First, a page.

United Kingdom tech industry growth outpaces the rest of Britain's economy

Galtero Lara
May 17, 2018

During 2017, United Kingdom digital technology companies raised GBP 4.5 billion in venture capital investment, nearly double the figure raised in 2016, according to PitchBook figures.

Secretary of State for Culture, Media and Sport Matt Hancock said: "Tech Nation 2018 highlights the extent to which the digital tech sector is providing new energy to the whole economy".

Tech Nation 2018 reveals that United Kingdom tech companies have more foreign customers than even Silicon Valley companies.

Although the sector is on the up, there are still lots of concerns from entrepreneurs, investors and founders. There are 16 towns in the United Kingdom with higher levels of tech employment as a proportion of employment.

The report also shows how the United Kingdom is succeeding in establishing itself as a leading tech hub. These include Reading, Basingstoke, Burnley, Slough and Heathrow, as well as Telford, Cheltenham, Stafford, Huntingdon and Swindon. "This is a huge success story, and we are working hard to make sure the benefits of digital technology reach every corner of the country as we build a Britain that is fit for the future", he said. For instance, blockchain is a popular in Manchester; shown by analysis of Meetup data which found there were 151 meetups and almost 62000 members.

Eileen Burbidge, partner at Passion Capital and Chair of Tech Nation, said: "From FinTech to HealthTech, self-driving cars and artificial intelligence, the UK's digital tech sector is having an impact on every aspect of our daily lives and economy". Perhaps unsurprisingly, AI is a key aspect of the tech sector, accounting for 16% of the top 400 United Kingdom tech meetups.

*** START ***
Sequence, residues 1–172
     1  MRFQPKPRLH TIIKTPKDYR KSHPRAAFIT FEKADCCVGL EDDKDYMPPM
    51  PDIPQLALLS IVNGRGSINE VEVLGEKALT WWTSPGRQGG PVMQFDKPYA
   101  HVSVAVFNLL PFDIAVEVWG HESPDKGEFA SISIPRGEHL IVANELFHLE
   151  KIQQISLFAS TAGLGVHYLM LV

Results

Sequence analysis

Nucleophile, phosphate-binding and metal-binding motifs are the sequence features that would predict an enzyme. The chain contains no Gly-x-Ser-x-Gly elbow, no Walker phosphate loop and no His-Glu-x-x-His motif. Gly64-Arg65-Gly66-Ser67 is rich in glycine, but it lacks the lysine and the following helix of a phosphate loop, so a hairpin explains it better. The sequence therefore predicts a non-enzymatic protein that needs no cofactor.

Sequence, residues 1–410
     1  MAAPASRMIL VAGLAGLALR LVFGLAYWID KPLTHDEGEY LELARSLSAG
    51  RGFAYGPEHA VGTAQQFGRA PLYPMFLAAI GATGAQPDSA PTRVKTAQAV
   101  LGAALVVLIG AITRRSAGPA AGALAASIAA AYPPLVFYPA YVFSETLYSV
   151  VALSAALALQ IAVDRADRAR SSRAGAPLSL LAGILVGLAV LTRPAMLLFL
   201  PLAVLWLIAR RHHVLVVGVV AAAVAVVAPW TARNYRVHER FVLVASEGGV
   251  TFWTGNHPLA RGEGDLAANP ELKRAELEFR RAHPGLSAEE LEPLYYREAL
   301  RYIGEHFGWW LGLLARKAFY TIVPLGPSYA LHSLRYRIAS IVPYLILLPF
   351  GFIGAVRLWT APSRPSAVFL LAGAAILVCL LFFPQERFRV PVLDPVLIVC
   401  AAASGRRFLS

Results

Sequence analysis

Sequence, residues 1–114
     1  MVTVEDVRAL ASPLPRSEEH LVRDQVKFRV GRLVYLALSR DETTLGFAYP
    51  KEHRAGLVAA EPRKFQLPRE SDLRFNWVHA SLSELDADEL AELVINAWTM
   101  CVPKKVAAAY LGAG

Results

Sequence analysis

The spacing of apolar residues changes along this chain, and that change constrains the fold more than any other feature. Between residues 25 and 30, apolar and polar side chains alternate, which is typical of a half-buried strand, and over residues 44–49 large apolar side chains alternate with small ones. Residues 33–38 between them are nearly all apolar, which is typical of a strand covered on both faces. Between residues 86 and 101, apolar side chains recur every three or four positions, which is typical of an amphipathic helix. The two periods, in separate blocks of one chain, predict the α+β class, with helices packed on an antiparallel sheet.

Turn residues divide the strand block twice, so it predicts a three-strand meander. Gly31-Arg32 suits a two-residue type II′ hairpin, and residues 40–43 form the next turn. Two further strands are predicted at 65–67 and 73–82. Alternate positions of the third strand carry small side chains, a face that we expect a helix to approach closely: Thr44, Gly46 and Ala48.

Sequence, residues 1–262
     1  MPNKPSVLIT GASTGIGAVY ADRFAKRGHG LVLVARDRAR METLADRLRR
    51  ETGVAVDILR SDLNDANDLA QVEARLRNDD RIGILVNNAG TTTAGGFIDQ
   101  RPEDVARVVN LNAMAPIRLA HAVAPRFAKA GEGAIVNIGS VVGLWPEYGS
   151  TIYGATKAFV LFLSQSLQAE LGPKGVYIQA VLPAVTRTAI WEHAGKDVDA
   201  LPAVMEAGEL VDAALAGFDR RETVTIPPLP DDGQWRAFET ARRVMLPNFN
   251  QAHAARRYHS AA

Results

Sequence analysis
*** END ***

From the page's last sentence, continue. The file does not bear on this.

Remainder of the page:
But entrepreneurs remain optimistic, with 70% saying they think tech businesses in their area will grow significantly over the next 12 months.

The report shows there is some progress being made in terms of diversity, but there is still some way to go. On a more positive note, on average, 15% of those in digital tech jobs are of black, Asian and ethnic minority (BAME) backgrounds, compared with the 10% average across all United Kingdom jobs.

But fewer than one in five people working in tech are female, compared to 49 per cent across other sectors.

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The stereotype that tech is the territory of millennials is also misplaced as 72% of United Kingdom digital tech workers are, on average, over 35. But the United Kingdom capital was one of only two European cities that made it into the global top 10 in terms of digital tech ecosystems; the other was Berlin.

Still, some problems are broadly consistent across the nation.

In the rest of the country, access to talent was cited as the most common challenge - affecting 83% of the UK's regional tech clusters.

It was easy to see why: the tech sector, particularly in London, relies heavily on overseas-born talent.

The rest of the Tech Nation report outlines how the UK's large tech industry, which has benefitted from the access to talent afforded by European Union membership, continues to grow.

"Tech Nation's survey of the industry shows that confidence and optimism is high, but it is important for us to keep supporting this sector and give British companies the best chance they can to grow and scale".

Digital tech companies in London are "the most connected in Europe", second only to Silicon Valley for worldwide connections. "We need to make the most of that, as our new relationship with the European Union will undoubtedly force us to be even more adaptive, innovative and ambitious".

But Tech Nation has hit back with data which showing the United Kingdom remains a global tech hub, despite Brexit.

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